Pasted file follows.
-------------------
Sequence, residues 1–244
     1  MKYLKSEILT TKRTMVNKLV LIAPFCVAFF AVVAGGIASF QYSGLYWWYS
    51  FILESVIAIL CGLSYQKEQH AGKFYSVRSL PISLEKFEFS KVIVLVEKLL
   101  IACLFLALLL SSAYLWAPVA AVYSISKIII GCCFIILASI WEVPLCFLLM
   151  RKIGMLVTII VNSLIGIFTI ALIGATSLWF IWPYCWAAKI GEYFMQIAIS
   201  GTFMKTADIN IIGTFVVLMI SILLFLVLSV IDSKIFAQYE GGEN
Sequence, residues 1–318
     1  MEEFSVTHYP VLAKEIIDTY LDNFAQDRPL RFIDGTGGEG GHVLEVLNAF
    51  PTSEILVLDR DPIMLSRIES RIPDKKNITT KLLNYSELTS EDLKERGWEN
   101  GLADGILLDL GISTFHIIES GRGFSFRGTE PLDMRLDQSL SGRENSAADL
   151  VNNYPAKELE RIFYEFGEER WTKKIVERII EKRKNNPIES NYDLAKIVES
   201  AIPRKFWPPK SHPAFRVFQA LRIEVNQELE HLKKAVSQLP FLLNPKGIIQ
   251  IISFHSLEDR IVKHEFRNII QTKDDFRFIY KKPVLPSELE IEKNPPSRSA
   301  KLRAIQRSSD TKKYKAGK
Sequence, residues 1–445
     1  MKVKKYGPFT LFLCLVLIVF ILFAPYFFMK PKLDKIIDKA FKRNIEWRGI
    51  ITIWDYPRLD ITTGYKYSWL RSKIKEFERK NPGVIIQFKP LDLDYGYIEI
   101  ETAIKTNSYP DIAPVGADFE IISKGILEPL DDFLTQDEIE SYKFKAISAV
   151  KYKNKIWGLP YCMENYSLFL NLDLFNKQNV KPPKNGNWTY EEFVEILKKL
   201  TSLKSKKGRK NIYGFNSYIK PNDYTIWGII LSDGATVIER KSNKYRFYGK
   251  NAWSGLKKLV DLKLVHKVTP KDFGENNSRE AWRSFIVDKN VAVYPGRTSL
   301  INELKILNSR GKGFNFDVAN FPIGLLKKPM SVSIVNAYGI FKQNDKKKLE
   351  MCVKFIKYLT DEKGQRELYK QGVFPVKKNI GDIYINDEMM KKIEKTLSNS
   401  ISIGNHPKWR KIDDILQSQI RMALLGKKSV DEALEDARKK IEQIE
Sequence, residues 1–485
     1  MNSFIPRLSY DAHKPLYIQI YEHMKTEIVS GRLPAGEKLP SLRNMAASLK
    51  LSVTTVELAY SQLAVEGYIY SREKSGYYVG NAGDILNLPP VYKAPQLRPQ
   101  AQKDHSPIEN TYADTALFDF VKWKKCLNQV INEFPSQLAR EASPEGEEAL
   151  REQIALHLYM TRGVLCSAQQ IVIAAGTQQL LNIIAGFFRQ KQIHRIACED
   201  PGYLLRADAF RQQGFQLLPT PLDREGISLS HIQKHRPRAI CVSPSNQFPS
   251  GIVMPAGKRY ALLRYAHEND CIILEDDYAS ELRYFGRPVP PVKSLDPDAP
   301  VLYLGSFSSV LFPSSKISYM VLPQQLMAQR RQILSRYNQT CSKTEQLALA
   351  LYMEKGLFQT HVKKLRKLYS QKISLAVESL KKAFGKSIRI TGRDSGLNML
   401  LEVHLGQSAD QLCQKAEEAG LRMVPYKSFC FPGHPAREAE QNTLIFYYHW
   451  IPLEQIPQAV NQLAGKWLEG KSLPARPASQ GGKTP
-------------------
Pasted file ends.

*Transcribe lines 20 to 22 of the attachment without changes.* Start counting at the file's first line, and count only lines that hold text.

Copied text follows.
   201  TSLKSKKGRK NIYGFNSYIK PNDYTIWGII LSDGATVIER KSNKYRFYGK
   251  NAWSGLKKLV DLKLVHKVTP KDFGENNSRE AWRSFIVDKN VAVYPGRTSL
   301  INELKILNSR GKGFNFDVAN FPIGLLKKPM SVSIVNAYGI FKQNDKKKLE